Susan T. Bagley

Susan T. Bagley


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  • Professor Emerita, Biological Sciences
  • PhD, Oregon State University, 1978


Dr. Bagley has over 30 years experience as an environmental microbiologist working in academia and government (U.S. Environmental Protection Agency) on microbial-based treatment of air, soil and waterborne organic wastes, mutagenicity and toxicity of environmental pollutants, and microbial production of bio-based fuels and polymers. She has collaborated on multidisciplinary studies with Environmental, Chemical, and Mechanical Engineers, Chemists, and Forest Scientists for much of her career. Her current studies are focused on effecting systems-wide improvements in production of fuels and other materials using lignocellulosic biomass. Her current work focuses on the optimization of fermentation conditions (multi-scale) for conversion of biomass sugars from dilute acid and fast pyrolysis pretreatments to fuels, novel fuel additives, and other value-added products such as bio-polymers. These studies have provided extensive opportunities for both graduate (PhD/MS) and undergraduate student research projects. Dr. Bagley has administered funding in excess of $2M from government, industry, and foundations and has co-authored over 80 peer-reviewed articles and reports as well as proceedings’ publications. Most of these studies have involved multidisciplinary collaboration with environmental, chemical, and mechanical engineers, chemists, and forest scientists. Dr. Bagley is also very active professionally, currently serving as President of the Society for Industrial Microbiology.

Research Interests

  • Environmental Microbiology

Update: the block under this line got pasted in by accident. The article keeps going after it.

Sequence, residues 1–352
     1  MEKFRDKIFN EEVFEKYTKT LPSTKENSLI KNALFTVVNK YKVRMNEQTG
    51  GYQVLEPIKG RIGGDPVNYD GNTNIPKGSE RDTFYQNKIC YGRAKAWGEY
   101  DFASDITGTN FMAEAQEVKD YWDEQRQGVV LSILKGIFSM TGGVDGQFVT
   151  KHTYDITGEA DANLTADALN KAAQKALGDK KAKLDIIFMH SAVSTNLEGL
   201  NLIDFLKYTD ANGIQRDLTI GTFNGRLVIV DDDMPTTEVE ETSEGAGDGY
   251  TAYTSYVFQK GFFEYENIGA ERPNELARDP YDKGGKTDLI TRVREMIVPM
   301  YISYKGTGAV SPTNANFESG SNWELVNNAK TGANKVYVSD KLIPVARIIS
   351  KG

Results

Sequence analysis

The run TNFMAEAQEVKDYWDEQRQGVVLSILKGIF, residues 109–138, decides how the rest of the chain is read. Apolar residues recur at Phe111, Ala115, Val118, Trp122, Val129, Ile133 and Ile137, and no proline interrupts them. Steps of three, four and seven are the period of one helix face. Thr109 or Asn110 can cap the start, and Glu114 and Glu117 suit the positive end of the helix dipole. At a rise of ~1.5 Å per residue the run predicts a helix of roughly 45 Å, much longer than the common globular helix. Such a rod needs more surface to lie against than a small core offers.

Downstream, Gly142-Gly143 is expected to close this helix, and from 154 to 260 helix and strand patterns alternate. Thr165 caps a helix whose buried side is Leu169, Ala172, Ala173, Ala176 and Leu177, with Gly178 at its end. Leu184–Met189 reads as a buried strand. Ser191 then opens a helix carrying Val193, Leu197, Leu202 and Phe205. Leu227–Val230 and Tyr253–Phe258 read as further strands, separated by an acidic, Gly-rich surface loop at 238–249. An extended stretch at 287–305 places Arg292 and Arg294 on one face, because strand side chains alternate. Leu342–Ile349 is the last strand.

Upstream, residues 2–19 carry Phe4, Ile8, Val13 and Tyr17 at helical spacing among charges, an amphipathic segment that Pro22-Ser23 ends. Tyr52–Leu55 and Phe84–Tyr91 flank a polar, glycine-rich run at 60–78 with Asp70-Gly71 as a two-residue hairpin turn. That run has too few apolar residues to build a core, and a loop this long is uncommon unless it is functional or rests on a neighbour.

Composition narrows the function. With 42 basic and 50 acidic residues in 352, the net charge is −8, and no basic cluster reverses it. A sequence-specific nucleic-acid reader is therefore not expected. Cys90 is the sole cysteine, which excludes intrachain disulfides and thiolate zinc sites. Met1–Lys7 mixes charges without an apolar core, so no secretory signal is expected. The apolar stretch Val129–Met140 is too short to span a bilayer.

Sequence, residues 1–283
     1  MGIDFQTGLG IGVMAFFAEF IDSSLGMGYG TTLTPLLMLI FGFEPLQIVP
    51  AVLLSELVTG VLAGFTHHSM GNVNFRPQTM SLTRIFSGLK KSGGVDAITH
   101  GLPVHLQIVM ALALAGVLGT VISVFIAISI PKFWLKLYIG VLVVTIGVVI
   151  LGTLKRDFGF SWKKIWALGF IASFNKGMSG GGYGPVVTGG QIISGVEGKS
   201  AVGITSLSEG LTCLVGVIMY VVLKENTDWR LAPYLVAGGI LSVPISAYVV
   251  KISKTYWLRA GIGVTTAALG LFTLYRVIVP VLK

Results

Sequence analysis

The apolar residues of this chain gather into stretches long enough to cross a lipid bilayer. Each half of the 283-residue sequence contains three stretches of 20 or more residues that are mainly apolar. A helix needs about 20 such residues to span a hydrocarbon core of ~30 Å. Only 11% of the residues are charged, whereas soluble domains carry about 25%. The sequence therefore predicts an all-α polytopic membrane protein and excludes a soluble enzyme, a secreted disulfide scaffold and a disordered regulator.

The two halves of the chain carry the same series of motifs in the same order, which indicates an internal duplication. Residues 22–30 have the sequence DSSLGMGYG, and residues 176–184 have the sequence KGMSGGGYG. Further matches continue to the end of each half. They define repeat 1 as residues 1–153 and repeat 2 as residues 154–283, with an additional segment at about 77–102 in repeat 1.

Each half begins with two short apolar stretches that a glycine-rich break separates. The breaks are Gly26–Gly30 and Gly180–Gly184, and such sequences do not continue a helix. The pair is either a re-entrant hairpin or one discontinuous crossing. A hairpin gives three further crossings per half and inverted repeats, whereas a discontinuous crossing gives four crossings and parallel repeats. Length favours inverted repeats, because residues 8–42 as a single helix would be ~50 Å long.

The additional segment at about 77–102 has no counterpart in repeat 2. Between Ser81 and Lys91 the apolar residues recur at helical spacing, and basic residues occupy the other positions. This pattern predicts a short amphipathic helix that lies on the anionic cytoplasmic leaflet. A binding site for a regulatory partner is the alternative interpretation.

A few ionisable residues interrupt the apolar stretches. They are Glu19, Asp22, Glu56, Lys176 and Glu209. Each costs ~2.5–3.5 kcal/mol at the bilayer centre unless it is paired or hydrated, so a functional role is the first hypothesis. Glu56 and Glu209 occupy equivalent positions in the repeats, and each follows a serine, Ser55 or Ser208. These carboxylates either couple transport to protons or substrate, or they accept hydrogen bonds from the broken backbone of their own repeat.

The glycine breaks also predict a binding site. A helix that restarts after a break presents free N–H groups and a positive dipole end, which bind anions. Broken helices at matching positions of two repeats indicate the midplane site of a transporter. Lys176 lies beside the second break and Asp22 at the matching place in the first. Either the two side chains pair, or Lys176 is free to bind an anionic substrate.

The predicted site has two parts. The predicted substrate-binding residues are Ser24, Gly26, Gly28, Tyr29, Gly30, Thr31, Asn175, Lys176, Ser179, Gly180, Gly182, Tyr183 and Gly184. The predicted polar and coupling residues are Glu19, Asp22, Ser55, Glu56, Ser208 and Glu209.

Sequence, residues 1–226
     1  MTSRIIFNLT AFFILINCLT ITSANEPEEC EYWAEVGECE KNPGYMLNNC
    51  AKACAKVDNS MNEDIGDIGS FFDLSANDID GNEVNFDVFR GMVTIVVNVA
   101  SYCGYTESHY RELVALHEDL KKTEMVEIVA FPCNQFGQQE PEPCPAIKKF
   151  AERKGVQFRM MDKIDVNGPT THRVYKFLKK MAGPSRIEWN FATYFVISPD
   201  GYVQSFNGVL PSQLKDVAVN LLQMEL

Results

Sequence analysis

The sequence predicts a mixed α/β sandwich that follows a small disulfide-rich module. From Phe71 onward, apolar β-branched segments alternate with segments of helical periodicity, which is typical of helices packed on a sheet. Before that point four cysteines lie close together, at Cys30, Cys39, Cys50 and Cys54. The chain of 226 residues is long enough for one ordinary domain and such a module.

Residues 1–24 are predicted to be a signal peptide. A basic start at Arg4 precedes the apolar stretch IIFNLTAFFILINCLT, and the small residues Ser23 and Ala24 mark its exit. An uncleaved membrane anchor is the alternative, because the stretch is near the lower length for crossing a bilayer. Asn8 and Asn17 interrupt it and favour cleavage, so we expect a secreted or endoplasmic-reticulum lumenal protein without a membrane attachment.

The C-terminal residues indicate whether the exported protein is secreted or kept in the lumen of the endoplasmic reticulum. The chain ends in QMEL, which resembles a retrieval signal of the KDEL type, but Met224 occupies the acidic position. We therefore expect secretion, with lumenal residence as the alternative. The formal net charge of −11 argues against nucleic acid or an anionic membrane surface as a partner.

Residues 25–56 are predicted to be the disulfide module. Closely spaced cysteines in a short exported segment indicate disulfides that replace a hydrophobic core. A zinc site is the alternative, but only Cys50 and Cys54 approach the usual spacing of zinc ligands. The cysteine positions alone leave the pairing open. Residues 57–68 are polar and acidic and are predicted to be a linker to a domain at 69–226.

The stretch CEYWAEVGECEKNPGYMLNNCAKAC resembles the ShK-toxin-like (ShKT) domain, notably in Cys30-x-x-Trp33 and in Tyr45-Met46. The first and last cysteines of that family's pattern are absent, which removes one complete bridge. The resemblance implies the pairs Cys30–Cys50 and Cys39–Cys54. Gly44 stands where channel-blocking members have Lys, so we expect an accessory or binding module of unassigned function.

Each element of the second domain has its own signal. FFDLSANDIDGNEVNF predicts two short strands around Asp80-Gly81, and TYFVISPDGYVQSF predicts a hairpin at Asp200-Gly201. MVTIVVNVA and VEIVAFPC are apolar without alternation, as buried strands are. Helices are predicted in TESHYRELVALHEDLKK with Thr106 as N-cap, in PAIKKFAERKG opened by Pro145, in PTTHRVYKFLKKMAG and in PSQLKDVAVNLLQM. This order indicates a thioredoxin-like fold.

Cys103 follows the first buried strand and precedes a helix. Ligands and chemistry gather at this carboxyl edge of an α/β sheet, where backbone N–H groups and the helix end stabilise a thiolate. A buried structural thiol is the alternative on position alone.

• Biofuels
  • Bioprocessing
  • Environmental Toxicology

Recent Publications

  • Donofrio, R., R. Saha, and S. Bagley. 2012. Molecular cloning of B. diminuta for efficacy assessment of reverse osmosis devices. Journal of Water and Health. 102: 278-789.
  • Saha, R, R. S. Donofrio, D.M. Goeres, and S. T. Bagley. 2012. Rapid Detection of rRNA group I pseudomonads in contaminated metalworking fluids and biofilm formation by fluorescent in situ hybridization. Applied Microbiology and Biotechnology 94(3):799-808.
  • Li, Bowen, Jian-Yang Hwang, J. Drelich, D. Popko, and S. Bagley. 2010. Physical, Chemical and Antimicrobial Characterization of Copper-bearing Material. JOM 62: 80-85.
  • Saha, R, R. Donofrio, and S. Bagley 2010. Development of a real-time TaqMan assay to detect mendocina sublineage Pseudomonas species in contaminated metalworking fluids. J Indust Microbiol. Biotechnol. 37: 843-848.
  • Donofrio, R., L Besterveldt, R. Saha, and S. Bagley. 2010. Quantitative real time PCR and fluorescent in situ hybridization approaches for enumerating Brevundimonas diminuta in drinking water . J Indust Microbiol. Biotechnol. 37: 909-918.
  • Donofrio, R., R. Saha, L Besterveldt, and S. Bagley. 2010. Selective enumeration strategies for Brevundimonas diminuta from drinking water. J Indust. Microbiol. Biotechnol. 37: 407-417.
  • Saha, R , C. Spröer, B. Beck, and S. Bagley. 2010. Pseudomonas oleovorans subsp. lubricantis subsp. nov., and reclassification of Pseudomonas pseudoalcaligenes ATCC 17440T as later synonym of Pseudomonas oleovorans ATCC 8062T. Current Microbiology 60: 294-300.
  • Xue, C., Velayudham, S. Johnson, S., Saha, R., Murthy, P., Bagley, S.T., and H. Liu. Highly water-soluble fluorescent conjugated fluorene-based glycopolymers with poly(ethylene glycol) tethered spacers for detection of Escherichia coli Chemistry – A European Journal 15: 2289-95.